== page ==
Sunday, August 26, 2007

Countrywide Exposed. I think the IRS might want to look at the 1099 issue?

Countrywide and some of their shenanigans are exposed here in this piece by the Ny Times:

ON its way to becoming the nation’s largest mortgage lender, the Countrywide Financial Corporation encouraged its sales force to court customers over the telephone with a seductive pitch that seldom varied. “I want to be sure you are getting the best loan possible,” the sales representatives would say.

But providing “the best loan possible” to customers wasn’t always the bank’s main goal, say some former employees. Instead, potential borrowers were often led to high-cost and sometimes unfavorable loans that resulted in richer commissions for Countrywide’s smooth-talking sales force, outsize fees to company affiliates providing services on the loans, and a roaring stock price that made Countrywide executives among the highest paid in America.

The company’s incentive system also encouraged brokers and sales representatives to move borrowers into the subprime category, even if their financial position meant that they belonged higher up the loan spectrum.

Independent brokers who have worked with Countrywide also say the company does not provide records of their compensation to the Internal Revenue Service on a Form 1099, as the law requires. These brokers say that all other home lenders they have worked with submitted 1099s disclosing income earned from their associations.
One broker who worked with Countrywide for seven years said she never got a 1099.

“When I got ready to do my first year’s taxes I had received 1099s from everybody but Countrywide,” she said. “I called my rep and he said, ‘We’re too big. There’s too many. We don’t do it.’ ”


Tehachapi said...

After working and seeing what goes on in the RE industry, I've come to the realization that many people/companies in the RE industry are very unethical (It's a huge generalization, but it really is hard to find people who are on the level), from the RE agents, to the appraisers, all the way down to title and escrow companies!

Numpty McHoon said...

I re-fi'ed my original 2000 loan in 2003 with Cuntrywide(tm) for a lower APR and from 30 to 15 year term.

At the last minute, after driving all the way out ther ein the rain, they slid under my nose that I could aslso get a Heloc. I said no thanks. They said it won't cost a thing if you never use it.

I said what the hey, and never used it.

Sold my house in 2005, and *SURPIRISE* I dinged for ~$700 to close out the unused Heloc.

Sure, I should have taken the time to read it. But everything else was prepared. But I was in a hurry.

Oh they're good.

Raynor said...

Numpty: (and you call Bush a moron on your blog):

First of all interest on a HELOC is vastly different than normal LOC or even an ARM:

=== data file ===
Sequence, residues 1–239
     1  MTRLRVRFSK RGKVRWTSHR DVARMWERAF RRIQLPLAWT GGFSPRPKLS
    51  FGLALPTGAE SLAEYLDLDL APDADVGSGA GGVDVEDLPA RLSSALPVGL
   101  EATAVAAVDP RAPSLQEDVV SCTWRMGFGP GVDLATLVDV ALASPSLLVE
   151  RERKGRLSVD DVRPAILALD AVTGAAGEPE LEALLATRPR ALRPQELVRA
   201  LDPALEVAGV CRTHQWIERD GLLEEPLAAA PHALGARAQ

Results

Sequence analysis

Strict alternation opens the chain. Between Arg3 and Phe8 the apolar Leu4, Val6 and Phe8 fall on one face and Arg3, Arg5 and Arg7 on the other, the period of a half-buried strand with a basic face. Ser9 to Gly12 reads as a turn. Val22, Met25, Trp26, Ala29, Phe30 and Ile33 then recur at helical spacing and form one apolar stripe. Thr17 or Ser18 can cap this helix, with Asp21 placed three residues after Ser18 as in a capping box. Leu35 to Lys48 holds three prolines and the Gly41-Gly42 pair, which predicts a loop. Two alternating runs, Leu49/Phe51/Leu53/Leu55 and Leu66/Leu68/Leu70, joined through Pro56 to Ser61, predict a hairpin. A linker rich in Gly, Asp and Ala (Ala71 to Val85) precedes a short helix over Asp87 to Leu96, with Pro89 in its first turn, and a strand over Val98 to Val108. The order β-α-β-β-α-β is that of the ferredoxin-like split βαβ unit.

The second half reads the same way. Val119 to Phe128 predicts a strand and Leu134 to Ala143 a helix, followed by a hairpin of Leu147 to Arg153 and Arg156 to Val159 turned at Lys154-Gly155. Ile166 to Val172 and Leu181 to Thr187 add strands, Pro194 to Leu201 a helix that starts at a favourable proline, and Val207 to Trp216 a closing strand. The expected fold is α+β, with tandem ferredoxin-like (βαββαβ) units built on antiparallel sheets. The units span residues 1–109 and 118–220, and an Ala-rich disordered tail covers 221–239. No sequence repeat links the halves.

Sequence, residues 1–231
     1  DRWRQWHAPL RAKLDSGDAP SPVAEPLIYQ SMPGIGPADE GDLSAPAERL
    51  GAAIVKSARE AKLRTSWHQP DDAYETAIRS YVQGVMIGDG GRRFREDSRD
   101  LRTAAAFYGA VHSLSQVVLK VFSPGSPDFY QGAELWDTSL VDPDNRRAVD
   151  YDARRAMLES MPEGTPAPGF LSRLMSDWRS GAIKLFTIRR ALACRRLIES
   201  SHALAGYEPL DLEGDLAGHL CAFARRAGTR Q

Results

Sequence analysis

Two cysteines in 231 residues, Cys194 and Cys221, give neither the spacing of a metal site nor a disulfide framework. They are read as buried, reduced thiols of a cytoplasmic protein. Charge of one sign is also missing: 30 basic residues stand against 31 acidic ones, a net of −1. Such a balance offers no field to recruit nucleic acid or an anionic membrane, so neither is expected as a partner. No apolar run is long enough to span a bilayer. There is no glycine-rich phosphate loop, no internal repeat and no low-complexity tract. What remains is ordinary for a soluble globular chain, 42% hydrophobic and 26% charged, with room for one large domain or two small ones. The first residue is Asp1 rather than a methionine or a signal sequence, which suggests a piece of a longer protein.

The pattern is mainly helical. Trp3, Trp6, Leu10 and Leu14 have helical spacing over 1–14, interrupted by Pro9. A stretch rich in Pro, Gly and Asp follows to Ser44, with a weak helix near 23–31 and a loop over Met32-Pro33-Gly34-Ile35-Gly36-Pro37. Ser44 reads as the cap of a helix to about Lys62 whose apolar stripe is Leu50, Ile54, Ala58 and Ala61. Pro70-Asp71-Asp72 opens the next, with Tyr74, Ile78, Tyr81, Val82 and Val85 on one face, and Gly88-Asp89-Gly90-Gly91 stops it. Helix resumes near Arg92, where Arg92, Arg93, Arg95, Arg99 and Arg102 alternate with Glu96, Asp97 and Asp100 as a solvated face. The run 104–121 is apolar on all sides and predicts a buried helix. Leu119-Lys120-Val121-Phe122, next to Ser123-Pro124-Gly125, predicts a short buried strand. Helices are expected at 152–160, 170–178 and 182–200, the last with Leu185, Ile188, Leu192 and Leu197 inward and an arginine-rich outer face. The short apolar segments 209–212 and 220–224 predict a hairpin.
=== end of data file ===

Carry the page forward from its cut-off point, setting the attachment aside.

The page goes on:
Because the balance of a HELOC may change from day to day, depending on draws and repayments, interest on a HELOC is calculated daily rather than monthly. For example, on a standard 6% mortgage, interest for the month is .06 divided by 12 or .005, multiplied by the loan balance at the end of the preceding month. If the balance is $100,000, the interest payment is $500.

On a 6% HELOC, interest for a day is .06 divided by 365 or .000164, which is multiplied by the average daily balance during the month. If this is $100,000, the daily interest is $16.44, and over a 30-day month interest amounts to $493.15; over a 31 day month, it is $509.59.

The major disadvantage of the HELOC, however, is its exposure to interest rate risk. All HELOCs are adjustable rate mortgages (ARMs), but they are much riskier than standard ARMs. Changes in the market impact a HELOC very quickly. If the prime rate changes on April 30, the HELOC rate will change effective May 1. An exception is HELOCs that have a guaranteed introductory rate, but these hold for only a few months. Standard ARMs, in contrast, are available with initial fixed-rate periods as long as 10 years.

HELOC rates are tied to the prime rate, which some argue is more stable than the indexes used by standard ARMs. This is an illusion, however, arising from the fact that the prime rate doesn't change from day to day. In 2003, it changed only once, to a low of 4% on June 27. However, in the next three years it changed 17 times, by .25% each time, reaching 8.25% on June 29, 2006. In 1980, it changed 38 times and ranged between 11.25% and 20%.

In addition, most standard ARMs have rate adjustment caps, which limit the size of any rate change. And they have maximum rates 5-6% above the initial rates. HELOCs have no adjustment caps, and the maximum rate is 18% except in North Carolina, where it is 16%.

Anonymous said...